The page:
Remembering the honest and natural voice of Amy Winehouse
My preference for female artistes (outside groups) has two sides in a balance. On one side there is Joan Baez, Janis Joplin, Carole King, and Joni Mitchell. On the other, there's Ella Fitzgerald, Billie Holiday, and Nina Simone.
There are others like Olivia Newton John, Mary Hopkin, and Sarah Vaughan, but I listen to the above seven more.
Baez, Joplin, King, and Mitchell pushed the boundaries of songwriting for women. They were storytellers telling their own stories, and stories of their time.
Fitzgerald, Holiday, and Simone were singers who gave life to the great American songbooks and composer-songwriters of their time. However, Fitzgerald had her fair contribution to songwriting. Holiday also wrote a few songs.
When I reached the end of my formative years, these seven female voices became my lighthouse.
Aman Bhai, a friend who happens to be a child psychiatrist once told me, if you treat a child as an adult, they'll respond back as an adult. I remembered this. When I became a father, I would encourage serious and open discussions with my daughter, Annapurna. Whether because of this or not, Annapurna has shared things with me ever since she and I can remember. This gave both of us a portal to transcend a generation divide.
A couple years ago, I asked Annapurna to give me a list of some albums I could present her in vinyl (LP). A few days later she gave me her list. The second serial was circled. It was Amy Winehouse's Back to Black.
Annapurna told me, "Listen to this album. You'll like Amy."
I had no idea who Amy Winehouse was. The only guess I could make was from her surname. It was evident she was Jewish and white. I now had to listen to the "Back to Black" single.
The 10-second intro sent shivers down my spine. The moment Amy started to sing, I was blown away. Had I listened blindfold, I'd have thought I was listening to a black voice. When she spoke, I was even more surprised. She had a British accent. London Cockney to be precise.
The seven female voices that tuned my ears are all from the USA, with Joni from Canada. I never came across one British female voice worthy to be inducted into my personal "hall of fame". And here I was listening to such a voice that was full of power and majesty.
My curiosity didn't end here. Amy's voice was tearing emotions out with honesty. The lyrics were unexpectedly explicit, but honest. The voice was raw, natural, and full of melancholy. In the melancholy there was an emptiness.
I never heard a female voice with this emptiness. I had to find out more.
Back to Black has eleven songs. Each song is different, but they all string into a common thread. Like Joni Mitchell's Blue (1971), Back to Black is an autobiography of a young girl trying to understand relationships. Like Carole King's Tapestry (1971), the album navigates through different experiences of a young girl.
Back to Black songs are songs of love and betrayal. They're not sugary. If love can kiss, it can also bleed. This is the freshness and honesty I never found in depth in the song writing of Baez, Joplin, King, and Mitchell.
There was still something different with Amy. In her voice, you can feel blues, gospel, and jazz oozing. However, it wasn't polished. It was raw. Only Billie Holiday, in the seven female voices that were my lighthouse, had that raw voice.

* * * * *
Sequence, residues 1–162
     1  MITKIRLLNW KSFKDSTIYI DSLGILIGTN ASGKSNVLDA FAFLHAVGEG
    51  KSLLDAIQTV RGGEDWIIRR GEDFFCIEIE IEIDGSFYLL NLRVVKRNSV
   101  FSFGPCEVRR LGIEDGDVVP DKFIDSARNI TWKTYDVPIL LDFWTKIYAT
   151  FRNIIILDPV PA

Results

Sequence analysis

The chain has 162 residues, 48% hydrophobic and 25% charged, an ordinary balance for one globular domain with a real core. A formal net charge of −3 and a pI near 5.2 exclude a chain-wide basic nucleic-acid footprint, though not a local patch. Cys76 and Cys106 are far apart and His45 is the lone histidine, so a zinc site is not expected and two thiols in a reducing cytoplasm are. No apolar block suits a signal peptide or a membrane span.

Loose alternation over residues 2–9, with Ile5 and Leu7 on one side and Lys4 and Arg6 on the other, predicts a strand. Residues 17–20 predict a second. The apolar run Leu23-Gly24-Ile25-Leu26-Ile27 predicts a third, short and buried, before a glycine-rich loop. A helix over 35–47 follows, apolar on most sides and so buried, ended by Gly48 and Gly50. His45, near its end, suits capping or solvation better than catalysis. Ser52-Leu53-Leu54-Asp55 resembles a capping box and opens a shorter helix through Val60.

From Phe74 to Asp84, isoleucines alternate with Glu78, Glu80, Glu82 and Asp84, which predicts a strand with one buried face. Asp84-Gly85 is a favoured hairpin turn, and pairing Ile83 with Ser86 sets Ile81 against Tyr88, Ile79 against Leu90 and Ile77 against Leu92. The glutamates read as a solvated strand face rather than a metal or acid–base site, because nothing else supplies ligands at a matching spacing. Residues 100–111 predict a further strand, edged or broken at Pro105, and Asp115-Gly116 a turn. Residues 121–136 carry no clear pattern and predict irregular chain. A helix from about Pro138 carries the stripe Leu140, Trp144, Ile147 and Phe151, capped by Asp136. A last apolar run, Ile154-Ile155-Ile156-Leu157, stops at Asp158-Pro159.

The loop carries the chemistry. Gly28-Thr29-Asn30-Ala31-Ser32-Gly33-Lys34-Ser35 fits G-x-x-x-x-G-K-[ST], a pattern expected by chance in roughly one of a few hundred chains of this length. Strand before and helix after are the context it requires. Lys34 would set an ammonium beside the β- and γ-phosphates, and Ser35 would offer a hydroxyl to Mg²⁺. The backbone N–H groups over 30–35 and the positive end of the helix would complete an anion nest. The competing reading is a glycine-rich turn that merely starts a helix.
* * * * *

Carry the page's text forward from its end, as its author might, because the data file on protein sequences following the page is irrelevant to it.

Once you hear a voice like that, you know there's a story behind all this.
The more I explored Amy through her studio albums and live performances, the more it became evident, that she wasn't listening to sugary pop while growing up. Coming from a musical family, and her paternal grandma Cynthia knowing the jazz musician Ronnie Scott, intimately told you what type of songs her young ears were subject to.
Frank Sinatra's "Fly Me to The Moon" was one of the first songs Amy listened, at the age of two. She would sing the song to cheer her up.
While growing up, she listened to Motown girl groups. She listened to gospel voices in Mahalia Jackson and Aretha Franklin. She listened to the jazz of Sarah Vaughan, Dinah Washington, and Thelonius Monk. Ella Fitzgerald and Billie Holiday also trained her ears. Carole King, Madonna, Michael Jackson, Alanis Morissette, and others were also with her in her formative years.
Amy only wanted to be a jazz singer. When she applied to the Sylvia Young Theatre, she wrote in her essay, she wanted people to hear her voice and forget their troubles. Many certainly did. She also wrote songs to forget her troubles. Sadly, she failed to make ends meet.
Growing up near and later settling in Camden in London exposed Amy to the bright and dark sides of popular culture. Camden is a place that makes dreams. And dreams can go either way. They can be fairy tales or can end up in nightmares. When you live between the two in a place like Camden, you need to be managed well. Sadly, that wasn't the case with Amy, before or after her fame. Her death was just the end, but her troubles started well before that fateful day, July 23, 2011, when she never woke up.
Amy Winehouse was the missing link in my balance of seven female voices. The balance needed a voice that would resemble both its sides. Amy was that voice. Through Amy I explored Adele, Fiona Apple, Billie Eilish and some others. Somehow, they lack that raw, honest, and sincere emotion in their voice, and the lyrics came so naturally with Amy.
Although Amy is no longer with us, "I'm not ashamed even if the guilt kills me" to say that she was a breath of fresh air while she sang, and fresher now as we look back with a smile on our faces on an artiste who was honest and natural.